The definition for the intransitive sense — the one used by Dr. Davis — is “To become quiet (in various senses). Frequently with down.” The first citation, from 1890, and all subsequent ones are British, except this from Pissing in the Snow, and other Ozark Folktales (1976): “When things finally quietened down, the folks figured that the neighbor boys must have set off some fireworks under the bed.” The word also shows up in Whatever it was that was in the house, I quieten ’em down.” The word also shows up in The Frost Haint of ‘Possum Hollow and Other Ozark Tales (2008), by Alan Lance Andersen, so it does seem to be a thing in the Ozarks, a hilly region in the American South.

As for the difference between “quiet” and “quieten,” the OED definitions are pretty much the same. For the intransitive sense of “quiet,” it’s: “Now chiefly N. Amer. To become quiet; to quieten. Frequently with down.”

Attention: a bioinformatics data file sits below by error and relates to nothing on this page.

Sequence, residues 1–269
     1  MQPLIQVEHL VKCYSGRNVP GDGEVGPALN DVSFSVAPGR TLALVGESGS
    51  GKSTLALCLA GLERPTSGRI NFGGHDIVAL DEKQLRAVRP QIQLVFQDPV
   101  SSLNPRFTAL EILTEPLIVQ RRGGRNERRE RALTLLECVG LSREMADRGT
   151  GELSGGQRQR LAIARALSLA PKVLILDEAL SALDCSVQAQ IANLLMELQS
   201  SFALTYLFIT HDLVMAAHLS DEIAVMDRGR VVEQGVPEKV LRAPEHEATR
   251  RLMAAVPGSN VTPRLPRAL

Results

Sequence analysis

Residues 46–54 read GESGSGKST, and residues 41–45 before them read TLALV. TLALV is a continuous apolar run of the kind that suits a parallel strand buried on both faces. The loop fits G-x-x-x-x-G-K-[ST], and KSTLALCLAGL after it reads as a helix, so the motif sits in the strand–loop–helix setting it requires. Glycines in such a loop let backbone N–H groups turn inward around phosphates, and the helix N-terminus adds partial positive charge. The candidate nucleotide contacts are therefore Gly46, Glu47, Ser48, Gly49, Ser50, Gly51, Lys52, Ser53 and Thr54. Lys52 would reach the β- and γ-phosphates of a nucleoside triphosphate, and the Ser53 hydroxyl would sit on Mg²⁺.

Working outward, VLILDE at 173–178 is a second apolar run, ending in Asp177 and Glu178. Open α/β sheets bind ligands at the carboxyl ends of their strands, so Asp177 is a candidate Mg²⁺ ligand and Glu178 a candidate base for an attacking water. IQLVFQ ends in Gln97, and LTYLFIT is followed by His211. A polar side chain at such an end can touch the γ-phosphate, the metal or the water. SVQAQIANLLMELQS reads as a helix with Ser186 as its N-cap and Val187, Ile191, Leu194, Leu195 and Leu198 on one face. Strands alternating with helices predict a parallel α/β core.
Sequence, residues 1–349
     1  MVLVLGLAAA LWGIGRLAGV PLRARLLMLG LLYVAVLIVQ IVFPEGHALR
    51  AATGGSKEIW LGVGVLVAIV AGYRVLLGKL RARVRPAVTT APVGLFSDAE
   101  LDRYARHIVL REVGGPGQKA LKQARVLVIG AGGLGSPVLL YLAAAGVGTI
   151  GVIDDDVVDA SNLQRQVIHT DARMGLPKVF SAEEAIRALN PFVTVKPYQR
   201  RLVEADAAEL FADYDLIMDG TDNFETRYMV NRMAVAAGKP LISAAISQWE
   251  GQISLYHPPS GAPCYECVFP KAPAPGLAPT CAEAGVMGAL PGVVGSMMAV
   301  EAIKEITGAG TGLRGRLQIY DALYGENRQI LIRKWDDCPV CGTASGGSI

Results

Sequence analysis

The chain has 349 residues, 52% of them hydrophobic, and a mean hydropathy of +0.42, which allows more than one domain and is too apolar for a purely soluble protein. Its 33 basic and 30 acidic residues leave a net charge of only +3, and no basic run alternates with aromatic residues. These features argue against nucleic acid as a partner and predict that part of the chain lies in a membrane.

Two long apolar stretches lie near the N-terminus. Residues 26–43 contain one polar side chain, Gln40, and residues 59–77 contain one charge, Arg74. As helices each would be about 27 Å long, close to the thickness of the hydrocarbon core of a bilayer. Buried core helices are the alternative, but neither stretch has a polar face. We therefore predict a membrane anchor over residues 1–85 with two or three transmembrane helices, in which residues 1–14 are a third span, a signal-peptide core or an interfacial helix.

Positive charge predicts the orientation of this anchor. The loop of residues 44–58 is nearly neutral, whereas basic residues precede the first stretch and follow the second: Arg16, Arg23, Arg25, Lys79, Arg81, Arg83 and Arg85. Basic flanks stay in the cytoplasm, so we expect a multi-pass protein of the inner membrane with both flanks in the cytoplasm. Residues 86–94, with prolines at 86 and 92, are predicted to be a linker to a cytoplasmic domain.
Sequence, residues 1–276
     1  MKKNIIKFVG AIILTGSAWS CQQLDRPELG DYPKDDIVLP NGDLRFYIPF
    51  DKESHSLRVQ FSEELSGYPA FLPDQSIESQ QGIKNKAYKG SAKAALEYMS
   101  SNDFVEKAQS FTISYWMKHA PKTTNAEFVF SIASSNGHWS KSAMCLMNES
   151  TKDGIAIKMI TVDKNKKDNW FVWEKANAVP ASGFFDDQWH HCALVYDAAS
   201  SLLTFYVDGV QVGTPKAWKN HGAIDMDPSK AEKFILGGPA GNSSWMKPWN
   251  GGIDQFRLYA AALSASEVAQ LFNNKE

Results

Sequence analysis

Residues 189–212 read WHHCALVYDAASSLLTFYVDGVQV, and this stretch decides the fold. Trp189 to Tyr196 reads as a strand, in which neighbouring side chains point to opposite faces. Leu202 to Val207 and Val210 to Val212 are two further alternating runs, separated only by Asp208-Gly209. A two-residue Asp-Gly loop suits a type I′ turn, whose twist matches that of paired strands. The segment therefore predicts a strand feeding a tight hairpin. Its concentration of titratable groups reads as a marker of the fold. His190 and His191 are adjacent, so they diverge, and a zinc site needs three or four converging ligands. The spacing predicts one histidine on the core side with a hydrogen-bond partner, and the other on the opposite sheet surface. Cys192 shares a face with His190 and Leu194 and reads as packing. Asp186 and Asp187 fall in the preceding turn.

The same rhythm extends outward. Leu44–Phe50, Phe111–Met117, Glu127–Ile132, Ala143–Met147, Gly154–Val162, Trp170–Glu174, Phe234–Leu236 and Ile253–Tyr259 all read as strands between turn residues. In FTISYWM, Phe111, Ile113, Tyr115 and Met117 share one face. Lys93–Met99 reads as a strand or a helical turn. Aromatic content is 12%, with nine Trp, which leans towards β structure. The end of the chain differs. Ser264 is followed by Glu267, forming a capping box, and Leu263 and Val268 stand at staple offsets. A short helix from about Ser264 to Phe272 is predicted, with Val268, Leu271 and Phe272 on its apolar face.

Outside of the Ozarks, “quieten” is pretty uncommon here, hence the “On the Radar” designation. It has been used eight times in the New York Times since 2010 but it turns out on seven of those occasions, the writer or the person being quoted isn’t from America. The eighth example is from an essay about the photographer Robert Adams by Teju Cole: “You are likely to feel your breath getting calmer and your senses quietened.” But even Cole, I discover, was born in Michigan to parents from Nigeria.

This chart from the Corpus of Global Web-Based English, showing use of “quieten” and its derivatives (“quietens,” “quietened,” etc.)  shows a bit more frequency in the U.S., but still lagging well behind Great Britain, Ireland, Australia, and New Zealand.